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City Council bill to shift broker fees to landlords unlikely to pass this year

  • Unlike other cities, NYC renters have to cover a broker’s fee regardless of who does the hiring
  • Council member Chi Ossé discusses his bill, which faced similar opposition to prior efforts to limit fees
Celia Young Headshot
By Celia Young  |
October 20, 2023 - 3:00PM
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Ossé plans to reintroduce his legislation in 2024.


Keep your checkbooks open. That's the message for New York City renters who will still bear the burden of paying a landlord’s broker’s fee, at least this year, according to the city council member who this summer tried to change who covers the fee.

Council member Chi Ossé, who represents Bedford-Stuyvesant and North Crown Heights in Brooklyn, introduced a bill in June that would require whoever hired the broker to pay their fee. But even after the bill gained the support of the majority of the council members, it’s unlikely to come to a vote this year, Ossé says. Better luck in 2024, folks.

“From what I think is going to happen, it’s not going to pass this session,” Ossé says. “[But] we're hoping to have a lot of support from our partners and labor, as well as more council members who will hopefully sign on, especially those who are dealing with tough elections [next year].”

Renting an apartment in NYC can feel a lot like a bidding war—especially when it comes to rent-stabilized units. That’s because renters are often on the hook for the broker fee, regardless of who hired the broker. In competitive markets like the current one, brokers can ask for thousands of dollars for access to some of the city’s most desirable apartments, including affordable housing, though brokers traditionally ask for 12 to 15 percent of the annual rent.

Sky-high fees have helped raise awareness of NYC’s unique broker fee system, but it’s not the first time someone’s tried to change it.

Legislation proposed in 2019 attempted to cap broker fees at one month’s rent, though the law was struck down in court. The New York Department of State briefly blocked renter-paid broker fees in early 2020 under its interpretation of the 2019 Housing Stability and Tenant Protection Act, but a subsequent lawsuit from the Real Estate Board of New York (REBNY) changed its guidance.

Ossé’s bill, dubbed the Fairness in Apartment Rental Expenses Act, has faced similar opposition from REBNY. The organization has campaigned to block the proposed change, arguing it would cut into brokers’ pay and force landlords to shift the cost of the fees onto tenants through permanent rent increases. 

“I think everyone acknowledges that we want to alleviate housing costs, but this bill would actually go in the opposite direction and exacerbate costs to renters,” says Ryan Monell, vice president of gov affairs at REBNY. “When you speak to those who understand the market—like agents and owners—they tell you this is not what would actually benefit the New York housing market.” 

REBNY reportedly struck a deal with council member Marjorie Velazquez to block the bill, and the organization raised $11,500 for her during Velazquez’s reelection campaign this summer, the New York Daily News reported. Monell said REBNY has spoken with all council members about the FARE Act, and denied any specific arrangement with Velazquez. She chairs the Consumer and Worker Protection Committee, and told the Daily News that she would not bring the FARE act to a hearing this year. A spokesperson for Velazquez did not immediately respond to requests for comment.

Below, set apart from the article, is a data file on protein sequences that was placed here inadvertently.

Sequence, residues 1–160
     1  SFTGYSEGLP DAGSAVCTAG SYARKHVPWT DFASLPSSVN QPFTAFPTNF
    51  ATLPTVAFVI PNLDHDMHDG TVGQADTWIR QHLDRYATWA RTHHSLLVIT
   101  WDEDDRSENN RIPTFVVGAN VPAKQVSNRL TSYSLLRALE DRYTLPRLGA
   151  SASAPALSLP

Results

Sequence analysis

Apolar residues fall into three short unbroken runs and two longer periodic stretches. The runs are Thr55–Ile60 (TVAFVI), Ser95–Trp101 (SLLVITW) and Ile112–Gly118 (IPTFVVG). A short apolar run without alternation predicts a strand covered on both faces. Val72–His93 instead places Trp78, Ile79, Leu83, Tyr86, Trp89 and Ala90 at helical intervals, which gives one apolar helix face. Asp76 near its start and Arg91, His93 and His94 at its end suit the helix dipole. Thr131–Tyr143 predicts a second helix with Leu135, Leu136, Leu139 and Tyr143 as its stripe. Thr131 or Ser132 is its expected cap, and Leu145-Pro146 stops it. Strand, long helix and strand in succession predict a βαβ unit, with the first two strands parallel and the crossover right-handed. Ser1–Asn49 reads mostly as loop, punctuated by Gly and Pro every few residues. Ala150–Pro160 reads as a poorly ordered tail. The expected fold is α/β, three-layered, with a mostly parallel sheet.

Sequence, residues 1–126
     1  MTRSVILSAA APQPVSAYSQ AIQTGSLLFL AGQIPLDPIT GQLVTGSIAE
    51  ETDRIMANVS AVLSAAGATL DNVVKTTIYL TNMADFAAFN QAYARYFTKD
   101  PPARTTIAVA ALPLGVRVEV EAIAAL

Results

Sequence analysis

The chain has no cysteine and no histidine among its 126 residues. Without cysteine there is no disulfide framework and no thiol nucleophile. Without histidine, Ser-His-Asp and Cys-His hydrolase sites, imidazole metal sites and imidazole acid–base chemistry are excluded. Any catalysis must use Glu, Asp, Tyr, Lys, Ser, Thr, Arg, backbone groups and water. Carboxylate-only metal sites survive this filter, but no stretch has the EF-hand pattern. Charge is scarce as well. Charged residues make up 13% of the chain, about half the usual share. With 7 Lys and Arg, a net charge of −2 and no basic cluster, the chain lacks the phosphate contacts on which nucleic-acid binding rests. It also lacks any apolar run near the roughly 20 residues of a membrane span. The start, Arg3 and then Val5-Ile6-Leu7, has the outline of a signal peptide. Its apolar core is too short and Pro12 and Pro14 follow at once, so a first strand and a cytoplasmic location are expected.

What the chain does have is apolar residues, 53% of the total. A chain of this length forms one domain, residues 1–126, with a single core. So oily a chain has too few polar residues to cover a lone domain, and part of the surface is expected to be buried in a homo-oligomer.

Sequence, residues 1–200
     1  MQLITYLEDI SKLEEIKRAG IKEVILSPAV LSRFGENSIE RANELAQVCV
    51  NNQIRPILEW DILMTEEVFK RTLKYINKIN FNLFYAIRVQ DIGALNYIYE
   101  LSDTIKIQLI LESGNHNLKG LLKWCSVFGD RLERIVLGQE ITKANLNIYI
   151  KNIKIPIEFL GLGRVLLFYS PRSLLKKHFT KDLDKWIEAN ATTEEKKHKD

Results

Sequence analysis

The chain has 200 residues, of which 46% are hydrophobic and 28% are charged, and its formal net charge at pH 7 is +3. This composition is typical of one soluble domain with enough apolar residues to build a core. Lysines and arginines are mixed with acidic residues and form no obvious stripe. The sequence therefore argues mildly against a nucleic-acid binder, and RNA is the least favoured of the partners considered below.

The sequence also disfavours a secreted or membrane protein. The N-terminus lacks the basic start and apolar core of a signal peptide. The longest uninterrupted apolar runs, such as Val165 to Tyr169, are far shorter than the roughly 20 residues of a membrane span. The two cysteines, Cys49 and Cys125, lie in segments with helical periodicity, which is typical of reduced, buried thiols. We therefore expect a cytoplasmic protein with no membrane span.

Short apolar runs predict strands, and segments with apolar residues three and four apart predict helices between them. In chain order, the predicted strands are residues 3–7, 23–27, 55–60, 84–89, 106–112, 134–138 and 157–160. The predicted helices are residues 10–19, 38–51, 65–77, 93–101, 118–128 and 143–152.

With the bill now frozen, Brick sat down with Ossé to talk about what he hopes to achieve in 2024. 

Brick Underground: Do you rent or own in the city? What’s your personal experience with broker fees?

Chi Ossé: I'm a renter in New York. In April of this year, I was looking for my first official apartment as a New Yorker. I was running into so many ruts in terms of how expensive it was, how difficult it was, and then also confronted with having to pay a broker fee.

I actually worked with a broker to find an apartment that I thought I deserved. But just because I paid a broker fee, doesn't mean that anybody should be forced to pay [one].

How much did your broker fee end up being, for the person you hired?

It was $2,500. It was a little over a month’s rent.

Why did you introduce the Fairness in Apartment Rental Expenses act? What do you hope it achieves?

I'm trying to bring NYC up to date to how every other city’s broker system works. 

I hate our housing crisis. I hate what it's doing to my constituents, to my friends, to my neighbors, and to my loved ones. It's so difficult to find an apartment. And one of the obstacles that many tenants encounter is having to pay a broker fee to someone that they did not negotiate a price with, did not hire themselves, [and] someone who their landlord is basically getting a free service from. 

I know there were some attempts that were made in the past. But I really wanted to introduce a very common sense piece of legislation that would require whoever hires the broker to pay the broker fee, whether they were the tenant or the landlord.